Tag Archives: United States Air Force

Wings over Atlanta: the Dobbins Air Reserve Base airshow

In the last few weeks readers of this blog have had the opportunity to read articles and watch pictures taken at airshows all around the world: in September, with a series of posts, I described the 50th Anniversary of the Frecce Tricolori airshow in Rivolto; then, I reported about the RAAF Williamtown airshow thanks to the pictures and report provided by Ed Armstrong and a few days ago, I wrote a post about the famous Axalp airshow, attended this year by Simone Bovi. The “world airshow tour” completes with another interesting report, this time by Moreno Aguiari, a former Italian commercial and Cropduster pilot living in the USA, who attended the Wings over Atlanta airshow, at Dobbins Air Reserve Base, that among the others, featured the interesting displays of the US Navy Blue Angels and Canadian Snowbirds, a rare sight outside America. Moreno sent me the following pictures and wrote an interesting detailed report of the Dobbins airshow for the readers of this site:

In the Oct. 16-17 weekend, like previous years, the skies over Dobbins ARB in Atlanta were filled with aerobatics during the 2010 “Wings over Atlanta” airshow. Aerial feats were performed by noted military teams like the Navy’s own Blue Angels and the Air Force Academy’s Wings of Blue elite parachute team. International guests, like the Canadian Snowbirds were also in attendance, offering thrilling examples of advanced aerial skills and tricky formations. Along with the performers, the audience enjoyed static displays, food, and opportunities to talk to pilots, civilian and military personnel about their professions. After the 2008 air show became a traffic issue for many visitors, this year’s organizers reached out to area transit providers and lot owners for help. In response, 127 busses were contracted and used to transport nearly 200,000 spectators, free of charge, who arrived for the show both on Saturday and on Sunday. Parking space was provided by Lockheed Martin, located on the Dobbins base. Organizers were pleased with the results as crowds gasped and applauded at the many thrilling aerial exercises provided by the experienced pilots and their support teams. Other performances by Red Eagle, Dan Buchanan, Gary Rower, Bill Braak and his Smoke-N-Thunder Jet Car, F/A -18 Hornet Demo, Kent Pietsch Jelly Belly, Dobbins C-130 Airdrop, “Otto” The Helicopter (a favorite, especially among children), Georgia State Patrol Helo Demo, Viper East F-16 Demo, Sean D. Tucker/Oracle and others provided even more excitement for the day.
The organization of the air show was handled by the 94th Airlift Wing, that is organized into a headquarters element, three groups, and a medical element containing 11 Squadrons and 4 Flights (1,800 personnel) and whose mission is threefold. The primary mission is to train C-130H aircrews for the United States Air Force — active duty, guard and reserve components. The second mission is to maintain combat ready units to deploy on short notice to support contingencies anywhere in the world. The third mission is to support all agencies and tenants at Dobbins Air Reserve Base.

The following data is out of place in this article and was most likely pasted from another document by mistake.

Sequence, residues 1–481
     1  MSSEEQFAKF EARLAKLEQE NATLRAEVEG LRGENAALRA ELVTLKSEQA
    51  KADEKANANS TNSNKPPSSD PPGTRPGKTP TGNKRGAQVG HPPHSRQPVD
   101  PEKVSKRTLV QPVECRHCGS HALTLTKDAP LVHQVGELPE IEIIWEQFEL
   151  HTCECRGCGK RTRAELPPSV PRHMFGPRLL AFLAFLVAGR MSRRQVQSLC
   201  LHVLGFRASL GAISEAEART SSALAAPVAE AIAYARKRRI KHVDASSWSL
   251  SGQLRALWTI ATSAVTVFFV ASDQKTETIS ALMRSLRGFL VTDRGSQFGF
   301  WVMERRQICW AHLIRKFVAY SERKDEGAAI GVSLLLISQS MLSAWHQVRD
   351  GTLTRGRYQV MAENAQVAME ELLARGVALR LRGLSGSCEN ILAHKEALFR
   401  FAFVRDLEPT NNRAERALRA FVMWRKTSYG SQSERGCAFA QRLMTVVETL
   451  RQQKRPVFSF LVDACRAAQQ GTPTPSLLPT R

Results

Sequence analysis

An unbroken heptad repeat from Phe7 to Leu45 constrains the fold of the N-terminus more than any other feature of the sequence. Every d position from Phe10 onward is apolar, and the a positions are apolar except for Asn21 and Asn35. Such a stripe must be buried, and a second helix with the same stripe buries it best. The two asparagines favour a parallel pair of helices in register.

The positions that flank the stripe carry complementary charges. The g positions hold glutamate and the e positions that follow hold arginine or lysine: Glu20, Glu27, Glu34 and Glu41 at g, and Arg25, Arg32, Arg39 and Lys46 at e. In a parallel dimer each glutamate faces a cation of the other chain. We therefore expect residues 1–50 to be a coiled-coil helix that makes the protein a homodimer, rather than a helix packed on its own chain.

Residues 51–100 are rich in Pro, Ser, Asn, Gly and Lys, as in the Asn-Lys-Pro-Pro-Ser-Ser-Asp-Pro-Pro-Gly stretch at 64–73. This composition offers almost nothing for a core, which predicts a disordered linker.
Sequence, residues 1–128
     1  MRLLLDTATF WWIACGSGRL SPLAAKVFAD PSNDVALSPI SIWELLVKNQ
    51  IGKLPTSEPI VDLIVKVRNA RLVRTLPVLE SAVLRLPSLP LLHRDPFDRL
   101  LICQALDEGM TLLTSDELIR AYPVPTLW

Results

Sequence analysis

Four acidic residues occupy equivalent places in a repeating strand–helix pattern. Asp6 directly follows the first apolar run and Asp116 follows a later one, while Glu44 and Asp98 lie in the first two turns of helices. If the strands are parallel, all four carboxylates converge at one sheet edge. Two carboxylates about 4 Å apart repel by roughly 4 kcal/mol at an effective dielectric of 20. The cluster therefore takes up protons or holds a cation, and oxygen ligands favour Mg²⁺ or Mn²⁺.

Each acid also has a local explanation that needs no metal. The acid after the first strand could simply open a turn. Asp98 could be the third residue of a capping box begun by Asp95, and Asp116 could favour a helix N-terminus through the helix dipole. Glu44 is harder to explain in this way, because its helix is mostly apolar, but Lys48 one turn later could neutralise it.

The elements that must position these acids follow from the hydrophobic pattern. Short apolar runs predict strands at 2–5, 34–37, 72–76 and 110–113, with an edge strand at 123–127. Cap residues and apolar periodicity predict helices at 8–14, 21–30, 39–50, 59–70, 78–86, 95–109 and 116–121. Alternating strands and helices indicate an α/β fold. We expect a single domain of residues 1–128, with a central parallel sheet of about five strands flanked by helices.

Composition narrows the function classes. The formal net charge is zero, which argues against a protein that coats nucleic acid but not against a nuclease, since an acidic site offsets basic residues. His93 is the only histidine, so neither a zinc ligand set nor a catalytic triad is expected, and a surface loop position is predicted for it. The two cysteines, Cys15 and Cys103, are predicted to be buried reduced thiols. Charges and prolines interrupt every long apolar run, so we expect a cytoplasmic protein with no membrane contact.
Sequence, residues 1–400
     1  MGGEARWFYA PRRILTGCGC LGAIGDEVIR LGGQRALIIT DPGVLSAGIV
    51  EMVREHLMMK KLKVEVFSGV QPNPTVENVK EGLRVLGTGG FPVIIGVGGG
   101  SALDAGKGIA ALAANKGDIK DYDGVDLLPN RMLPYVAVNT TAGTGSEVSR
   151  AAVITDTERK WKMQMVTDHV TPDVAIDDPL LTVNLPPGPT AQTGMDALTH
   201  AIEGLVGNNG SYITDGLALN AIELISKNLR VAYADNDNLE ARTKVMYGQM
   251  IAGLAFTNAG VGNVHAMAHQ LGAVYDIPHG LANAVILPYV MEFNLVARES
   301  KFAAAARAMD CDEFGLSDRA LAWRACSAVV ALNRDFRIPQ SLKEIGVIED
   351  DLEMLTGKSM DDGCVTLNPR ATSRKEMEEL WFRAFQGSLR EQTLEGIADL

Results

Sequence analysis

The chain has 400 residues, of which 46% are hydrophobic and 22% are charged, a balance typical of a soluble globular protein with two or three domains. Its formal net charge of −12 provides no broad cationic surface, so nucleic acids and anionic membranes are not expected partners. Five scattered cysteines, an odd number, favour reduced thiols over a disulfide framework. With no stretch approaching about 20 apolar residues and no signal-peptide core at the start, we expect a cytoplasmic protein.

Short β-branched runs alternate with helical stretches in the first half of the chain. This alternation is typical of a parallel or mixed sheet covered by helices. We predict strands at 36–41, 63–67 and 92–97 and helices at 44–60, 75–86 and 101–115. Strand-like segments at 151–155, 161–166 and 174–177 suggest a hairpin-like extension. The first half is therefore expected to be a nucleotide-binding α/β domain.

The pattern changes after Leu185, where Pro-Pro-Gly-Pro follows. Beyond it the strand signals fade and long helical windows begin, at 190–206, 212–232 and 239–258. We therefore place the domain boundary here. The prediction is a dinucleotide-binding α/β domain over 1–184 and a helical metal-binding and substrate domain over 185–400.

The highlight of the show was, without a doubt, the performance of the US Navy Blue Angels F/A-18s and their support plane, the C-130, affectionately known as “Fat Albert”. The aerial demonstration begun by exhibiting the jet’s maximum performance capabilities during a ten-minute performance. Shortly thereafter, it was the time for the graceful aerobatic maneuvers of the four-jet Diamond Formation, in concert with the fast-paced, high-performance maneuvers of its two solo pilots. Finally, the team illustrated the pinnacle of precision flying, performing maneuvers locked as a unit in the renowned, six-jet Delta Formation.

The Blue Angels, although less aerobatic from a pure jet handling point of view than the USAF counterparts, the Thunderbirds, showed off some incredible precision flying, considering the size of Hornet.
The Blue Angels were scheduled to fly 68 performances at 35 airshow sites in the United States during the 2010 season as the team celebrates its 23rd year of flying the F-18. The Dobbins Airshow was the 66th of the season, and the Angels still have one more show in Homestead, FL before of the Homecoming show in Pensacola, Florida on November 11th and 13th.
This year’s show also hosted the Canadian Snowbirds. Officially known as the Canadian Forces 431 Air Demonstration Squadron, they fly the CT-114 Tutors that were designed and built by Canadair. The Canadians are well known for their precise flight program that includes different formations composed by 9 or 7 planes, as well as solo flights.
Another amazing show was performed by flying legend Sean D. Tucker, flying his custom built Oracle Challenger III biplane which produces more than 400 horsepower, weighs only 1,200 pounds, and is considered the most high-performance aerobatic aircraft in the world. The Challenger III is equipped with a unique set of wings that use 8 ailerons instead of 4. The tail on the airplane is modeled after the tail used on high-performance radio control airplanes. What Sean does with his plane seems beyond the all laws of aerodynamics.